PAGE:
The unemployment rate for the latest generation of veterans jumped to 6.5 percent in November, a notable increase that brings the rate to its highest level of 2016, government data show.
But even with November's high unemployment rate included, the average 2016 rate is on track for 5 percent, a lower level of unemployment than has ever been recorded annually for post-9/11 veterans, Military Times calculations of Bureau of Labor Statistics information indicate.
On the national level, the economy added 178,000 jobs, while the unemployment rate dropped from 4.9 percent in October to 4.6 percent in November. The last time the national unemployment rate was that low was August 2007 — before the recession.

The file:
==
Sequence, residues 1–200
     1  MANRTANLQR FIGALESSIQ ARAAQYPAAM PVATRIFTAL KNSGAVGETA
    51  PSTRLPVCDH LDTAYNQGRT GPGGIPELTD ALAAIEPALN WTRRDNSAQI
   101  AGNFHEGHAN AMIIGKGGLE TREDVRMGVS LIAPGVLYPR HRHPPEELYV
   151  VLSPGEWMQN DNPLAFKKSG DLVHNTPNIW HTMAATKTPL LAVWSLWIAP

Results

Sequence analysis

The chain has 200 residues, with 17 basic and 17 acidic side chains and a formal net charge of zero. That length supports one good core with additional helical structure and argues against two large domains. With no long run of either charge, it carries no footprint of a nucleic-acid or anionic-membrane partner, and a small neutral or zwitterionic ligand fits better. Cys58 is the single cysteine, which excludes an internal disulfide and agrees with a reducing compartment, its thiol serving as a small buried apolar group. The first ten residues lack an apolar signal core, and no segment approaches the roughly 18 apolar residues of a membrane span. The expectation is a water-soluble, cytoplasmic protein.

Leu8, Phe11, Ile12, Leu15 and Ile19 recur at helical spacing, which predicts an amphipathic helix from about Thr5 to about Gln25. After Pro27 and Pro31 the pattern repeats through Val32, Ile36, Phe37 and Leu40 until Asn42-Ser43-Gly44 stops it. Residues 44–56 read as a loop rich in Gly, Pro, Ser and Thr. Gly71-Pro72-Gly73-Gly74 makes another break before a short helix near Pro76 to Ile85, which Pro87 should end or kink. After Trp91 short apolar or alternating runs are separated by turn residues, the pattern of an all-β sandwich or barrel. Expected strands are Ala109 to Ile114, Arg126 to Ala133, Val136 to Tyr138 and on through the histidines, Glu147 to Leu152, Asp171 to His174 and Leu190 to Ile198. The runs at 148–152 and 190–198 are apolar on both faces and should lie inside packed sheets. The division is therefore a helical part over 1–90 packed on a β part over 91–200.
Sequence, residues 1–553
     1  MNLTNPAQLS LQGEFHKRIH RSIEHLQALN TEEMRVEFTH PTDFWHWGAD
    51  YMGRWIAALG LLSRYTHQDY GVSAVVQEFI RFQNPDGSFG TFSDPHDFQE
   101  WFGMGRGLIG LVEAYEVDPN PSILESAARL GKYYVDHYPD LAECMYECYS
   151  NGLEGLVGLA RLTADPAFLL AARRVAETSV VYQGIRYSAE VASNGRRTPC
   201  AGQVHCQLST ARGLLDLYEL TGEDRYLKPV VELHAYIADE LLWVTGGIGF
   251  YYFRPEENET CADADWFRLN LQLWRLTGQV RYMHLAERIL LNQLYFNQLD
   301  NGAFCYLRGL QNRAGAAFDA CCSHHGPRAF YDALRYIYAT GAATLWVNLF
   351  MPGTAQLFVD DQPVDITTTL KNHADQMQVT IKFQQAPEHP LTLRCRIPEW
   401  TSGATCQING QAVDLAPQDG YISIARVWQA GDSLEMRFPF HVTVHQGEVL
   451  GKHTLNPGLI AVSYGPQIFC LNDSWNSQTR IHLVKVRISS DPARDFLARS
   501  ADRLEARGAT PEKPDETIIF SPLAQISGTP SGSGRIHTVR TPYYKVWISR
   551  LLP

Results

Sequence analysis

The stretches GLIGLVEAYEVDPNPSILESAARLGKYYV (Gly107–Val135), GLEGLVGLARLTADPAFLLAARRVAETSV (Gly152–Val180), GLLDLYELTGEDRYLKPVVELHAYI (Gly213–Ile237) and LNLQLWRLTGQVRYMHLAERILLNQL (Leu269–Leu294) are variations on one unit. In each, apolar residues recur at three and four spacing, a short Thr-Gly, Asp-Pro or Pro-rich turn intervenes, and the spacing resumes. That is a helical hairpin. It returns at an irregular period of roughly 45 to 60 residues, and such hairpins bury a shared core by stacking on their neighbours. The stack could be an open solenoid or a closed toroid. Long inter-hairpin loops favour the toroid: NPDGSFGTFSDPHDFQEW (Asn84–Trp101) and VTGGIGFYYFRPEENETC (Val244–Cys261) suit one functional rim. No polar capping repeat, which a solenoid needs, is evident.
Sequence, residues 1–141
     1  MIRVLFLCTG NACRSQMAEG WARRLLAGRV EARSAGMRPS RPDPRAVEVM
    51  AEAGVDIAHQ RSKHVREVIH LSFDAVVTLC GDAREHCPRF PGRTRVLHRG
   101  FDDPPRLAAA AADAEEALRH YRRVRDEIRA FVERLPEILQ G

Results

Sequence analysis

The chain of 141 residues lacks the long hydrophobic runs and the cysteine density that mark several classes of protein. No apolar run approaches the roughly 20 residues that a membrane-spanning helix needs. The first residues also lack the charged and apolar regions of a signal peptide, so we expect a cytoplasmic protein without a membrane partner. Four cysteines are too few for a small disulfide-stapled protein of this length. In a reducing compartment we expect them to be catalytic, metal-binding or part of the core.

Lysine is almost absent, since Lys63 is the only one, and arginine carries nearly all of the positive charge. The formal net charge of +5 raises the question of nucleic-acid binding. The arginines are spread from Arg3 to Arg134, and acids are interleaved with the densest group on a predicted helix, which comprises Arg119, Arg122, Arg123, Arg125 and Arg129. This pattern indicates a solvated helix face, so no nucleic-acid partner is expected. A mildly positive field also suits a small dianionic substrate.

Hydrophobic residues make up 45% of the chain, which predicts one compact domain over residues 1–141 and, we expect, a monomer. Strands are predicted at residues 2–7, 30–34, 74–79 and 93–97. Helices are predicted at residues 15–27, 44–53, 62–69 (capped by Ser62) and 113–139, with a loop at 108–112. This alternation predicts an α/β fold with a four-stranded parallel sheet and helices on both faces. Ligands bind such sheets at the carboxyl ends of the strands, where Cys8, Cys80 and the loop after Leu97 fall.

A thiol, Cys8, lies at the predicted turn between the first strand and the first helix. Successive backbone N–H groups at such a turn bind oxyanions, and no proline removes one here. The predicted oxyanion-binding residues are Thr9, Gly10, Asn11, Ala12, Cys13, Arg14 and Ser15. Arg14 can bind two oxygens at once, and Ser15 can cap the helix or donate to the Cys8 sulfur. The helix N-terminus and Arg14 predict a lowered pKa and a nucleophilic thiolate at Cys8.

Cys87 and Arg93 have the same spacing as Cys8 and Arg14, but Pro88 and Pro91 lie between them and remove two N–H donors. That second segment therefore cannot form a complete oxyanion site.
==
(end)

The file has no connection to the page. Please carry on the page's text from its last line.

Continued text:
While the November unemployment picture for post-9/11 veterans might not look quite as good, there is still plenty of reason for optimism.
The unemployment rate spike from October, when the rate charted by the Bureau of Labor Statistics was 4.7 percent for post-9/11 veterans, is large. But such spikes are far from rare and are often followed by similarly large drops. For example, the rate jumped from 4.7 percent this February to 6.3 percent in March and then tumbled to 4.1 percent in April.
Because the post-9/11 unemployment data is based on a very small sample size, such volatility is common. Economists advise not to pay too much attention to any one month's results but rather to look at multi-month trends.
Those trends have been toward lower post-9/11 veteran unemployment for years, with unemployment dropping lower in 2016 than it has ever been before. A single month's rate spike cannot change that.